Are You a Good Neighbour?

Showing mercy makes us neighbourly.  Our challenge is to demonstrate the mercy of God in the world without determining whether the other person is worthy of our mercy.  Newsflash: they are no more worthy than we are, yet God showed mercy to us all…

25 On one occasion an expert in the law stood up to test Jesus. “Teacher,” he asked, “what must I do to inherit eternal life?”

26 “What is written in the Law?” he replied. “How do you read it?”

27 He answered, “‘Love the Lord your God with all your heart and with all your soul and with all your strength and with all your mind’; and, ‘Love your neighbor as yourself.’”

28 “You have answered correctly,” Jesus replied. “Do this and you will live.”

29 But he wanted to justify himself, so he asked Jesus, “And who is my neighbor?”

30 In reply Jesus said: “A man was going down from Jerusalem to Jericho, when he was attacked by robbers. They stripped him of his clothes, beat him and went away, leaving him half dead. 31 A priest happened to be going down the same road, and when he saw the man, he passed by on the other side. 32 So too, a Levite, when he came to the place and saw him, passed by on the other side. 33 But a Samaritan, as he traveled, came where the man was; and when he saw him, he took pity on him. 34 He went to him and bandaged his wounds, pouring on oil and wine. Then he put the man on his own donkey, brought him to an inn and took care of him. 35 The next day he took out two denarii and gave them to the innkeeper. ‘Look after him,’ he said, ‘and when I return, I will reimburse you for any extra expense you may have.’

36 “Which of these three do you think was a neighbor to the man who fell into the hands of robbers?”

37 The expert in the law replied, “The one who had mercy on him.”

Jesus told him, “Go and do likewise.”
Luke 10:25-37

The expert in law was not an expert in heart.  We see that this fellow wanted to justify himself in his dialogue with Jesus.  He was likely a good neighbour to the people who looked like him and came from the same place as him.  He thought he was a fine example of God’s teaching to love God and others.  Jesus was going to expand his thoughts on the matter.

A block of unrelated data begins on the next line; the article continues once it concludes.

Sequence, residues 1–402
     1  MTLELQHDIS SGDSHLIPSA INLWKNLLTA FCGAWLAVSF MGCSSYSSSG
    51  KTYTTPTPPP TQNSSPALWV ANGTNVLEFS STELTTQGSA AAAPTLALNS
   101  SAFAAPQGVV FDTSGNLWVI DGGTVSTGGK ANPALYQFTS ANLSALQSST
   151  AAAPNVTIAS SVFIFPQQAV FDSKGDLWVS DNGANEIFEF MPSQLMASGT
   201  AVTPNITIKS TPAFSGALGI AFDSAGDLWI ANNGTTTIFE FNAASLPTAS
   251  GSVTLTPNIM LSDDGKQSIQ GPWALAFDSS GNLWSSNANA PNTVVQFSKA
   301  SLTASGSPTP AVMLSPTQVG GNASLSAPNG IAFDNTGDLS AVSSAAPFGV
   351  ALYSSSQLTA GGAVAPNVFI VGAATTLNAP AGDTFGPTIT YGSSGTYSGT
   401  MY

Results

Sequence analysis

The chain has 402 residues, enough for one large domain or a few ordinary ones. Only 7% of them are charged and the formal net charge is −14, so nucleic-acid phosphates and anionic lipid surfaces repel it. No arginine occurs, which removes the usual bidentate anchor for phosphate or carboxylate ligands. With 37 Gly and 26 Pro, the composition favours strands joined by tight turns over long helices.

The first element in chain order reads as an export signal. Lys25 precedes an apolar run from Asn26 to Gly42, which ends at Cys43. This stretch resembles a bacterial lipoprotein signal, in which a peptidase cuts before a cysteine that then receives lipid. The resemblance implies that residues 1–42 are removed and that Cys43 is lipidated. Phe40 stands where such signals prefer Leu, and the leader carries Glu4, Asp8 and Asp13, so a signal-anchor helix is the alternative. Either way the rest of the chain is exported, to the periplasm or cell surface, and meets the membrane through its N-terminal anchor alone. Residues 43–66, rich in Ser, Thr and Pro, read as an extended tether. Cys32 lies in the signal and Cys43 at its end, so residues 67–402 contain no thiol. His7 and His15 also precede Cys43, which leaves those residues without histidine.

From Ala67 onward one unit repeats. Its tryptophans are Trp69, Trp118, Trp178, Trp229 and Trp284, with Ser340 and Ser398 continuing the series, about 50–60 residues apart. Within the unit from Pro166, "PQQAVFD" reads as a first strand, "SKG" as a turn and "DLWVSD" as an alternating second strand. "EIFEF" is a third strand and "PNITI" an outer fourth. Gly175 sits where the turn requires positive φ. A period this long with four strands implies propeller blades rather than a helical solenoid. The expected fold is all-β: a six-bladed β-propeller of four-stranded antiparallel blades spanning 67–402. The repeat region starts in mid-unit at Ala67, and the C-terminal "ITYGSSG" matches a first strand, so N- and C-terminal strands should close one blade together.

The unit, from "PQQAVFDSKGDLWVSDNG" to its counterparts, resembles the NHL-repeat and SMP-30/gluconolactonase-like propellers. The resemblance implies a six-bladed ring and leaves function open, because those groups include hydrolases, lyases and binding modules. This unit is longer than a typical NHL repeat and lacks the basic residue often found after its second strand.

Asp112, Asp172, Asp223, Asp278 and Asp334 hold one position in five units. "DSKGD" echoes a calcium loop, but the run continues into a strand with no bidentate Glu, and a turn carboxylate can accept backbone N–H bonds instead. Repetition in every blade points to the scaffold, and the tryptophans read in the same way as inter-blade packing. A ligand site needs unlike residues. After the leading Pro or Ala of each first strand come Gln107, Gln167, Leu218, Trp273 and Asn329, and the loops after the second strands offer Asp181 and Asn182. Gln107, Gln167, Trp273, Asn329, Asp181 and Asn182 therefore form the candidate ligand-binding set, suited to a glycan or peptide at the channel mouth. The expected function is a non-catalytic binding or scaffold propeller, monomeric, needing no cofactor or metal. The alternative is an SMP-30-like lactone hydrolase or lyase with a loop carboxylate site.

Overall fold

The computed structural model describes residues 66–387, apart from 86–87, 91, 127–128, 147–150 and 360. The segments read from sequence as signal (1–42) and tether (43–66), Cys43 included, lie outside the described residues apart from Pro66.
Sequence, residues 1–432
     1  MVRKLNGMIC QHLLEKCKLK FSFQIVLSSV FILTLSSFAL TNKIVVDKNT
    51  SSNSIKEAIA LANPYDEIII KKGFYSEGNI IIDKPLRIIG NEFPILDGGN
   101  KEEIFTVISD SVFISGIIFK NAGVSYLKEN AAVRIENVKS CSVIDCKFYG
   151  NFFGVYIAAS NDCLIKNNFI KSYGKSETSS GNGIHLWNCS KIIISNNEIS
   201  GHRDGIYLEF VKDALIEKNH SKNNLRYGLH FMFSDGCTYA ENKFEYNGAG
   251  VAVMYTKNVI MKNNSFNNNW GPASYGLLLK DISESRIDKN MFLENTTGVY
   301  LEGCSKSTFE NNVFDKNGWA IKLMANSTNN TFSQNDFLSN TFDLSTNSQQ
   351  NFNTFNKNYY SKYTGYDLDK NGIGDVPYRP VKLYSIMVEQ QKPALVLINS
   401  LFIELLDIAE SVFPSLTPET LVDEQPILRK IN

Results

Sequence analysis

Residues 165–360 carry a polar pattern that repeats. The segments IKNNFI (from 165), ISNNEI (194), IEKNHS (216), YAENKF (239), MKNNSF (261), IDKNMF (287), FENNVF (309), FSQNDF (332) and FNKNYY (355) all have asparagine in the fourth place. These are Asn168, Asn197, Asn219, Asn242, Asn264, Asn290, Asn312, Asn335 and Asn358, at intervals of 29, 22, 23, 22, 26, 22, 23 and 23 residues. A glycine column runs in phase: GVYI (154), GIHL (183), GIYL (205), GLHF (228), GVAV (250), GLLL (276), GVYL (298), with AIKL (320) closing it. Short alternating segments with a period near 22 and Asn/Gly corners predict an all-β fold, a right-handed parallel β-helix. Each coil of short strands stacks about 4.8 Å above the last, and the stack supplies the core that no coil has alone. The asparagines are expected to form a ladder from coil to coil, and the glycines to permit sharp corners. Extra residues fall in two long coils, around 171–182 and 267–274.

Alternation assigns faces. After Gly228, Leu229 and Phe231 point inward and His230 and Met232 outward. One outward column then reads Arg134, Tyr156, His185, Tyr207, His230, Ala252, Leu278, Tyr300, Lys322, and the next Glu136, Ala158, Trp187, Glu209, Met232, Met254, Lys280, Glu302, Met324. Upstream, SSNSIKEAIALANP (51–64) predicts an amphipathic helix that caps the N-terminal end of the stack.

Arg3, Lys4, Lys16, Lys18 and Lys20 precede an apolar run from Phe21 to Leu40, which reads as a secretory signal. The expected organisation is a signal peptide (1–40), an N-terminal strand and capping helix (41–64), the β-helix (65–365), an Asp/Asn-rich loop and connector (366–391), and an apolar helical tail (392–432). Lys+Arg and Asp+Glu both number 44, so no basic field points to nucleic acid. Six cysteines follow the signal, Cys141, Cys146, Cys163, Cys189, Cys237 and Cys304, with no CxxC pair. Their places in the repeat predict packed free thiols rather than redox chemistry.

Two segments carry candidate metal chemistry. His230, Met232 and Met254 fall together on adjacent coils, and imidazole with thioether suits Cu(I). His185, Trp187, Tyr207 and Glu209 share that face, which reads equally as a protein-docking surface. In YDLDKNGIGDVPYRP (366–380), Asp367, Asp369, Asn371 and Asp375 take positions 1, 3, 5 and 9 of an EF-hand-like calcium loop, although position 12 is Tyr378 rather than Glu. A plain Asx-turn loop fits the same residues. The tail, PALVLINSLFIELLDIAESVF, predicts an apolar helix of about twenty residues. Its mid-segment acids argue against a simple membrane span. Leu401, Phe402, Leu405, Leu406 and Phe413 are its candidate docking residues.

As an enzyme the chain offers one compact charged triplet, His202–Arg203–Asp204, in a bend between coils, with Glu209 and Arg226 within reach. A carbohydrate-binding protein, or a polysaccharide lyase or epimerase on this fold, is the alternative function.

The man asked Jesus, “Who is my neighbour?”  Jesus asked the man, “Who was a neighbour?” “What does it mean to be a neighbour?” “Are you a neighbour?”

The easy path is to consider who our neighbours are, and then love them.  This typically puts the definition of neighbour into our hands, which is where we want it.  When we get to define who our neighbours are, then we get to determine whom we love.  Then we can love the lovely and be shining examples of God’s commandments.

Jesus asks, “What does it mean for you to be a neighbour?”

This is a fundamentally different question with a different answer.  The story teaches us that showing mercy makes us neighbourly.  The neighbour teaching is to have mercy on other people.  To whom shall I have mercy? To everyone.  Who is my neighbour?  Everyone.

The higher order principle is to demonstrate the mercy of God in the world without determining whether the other person is worthy of our mercy.

They are no more worthy than we are, yet God showed mercy to us all.

Go and do likewise.


Marc Kinna


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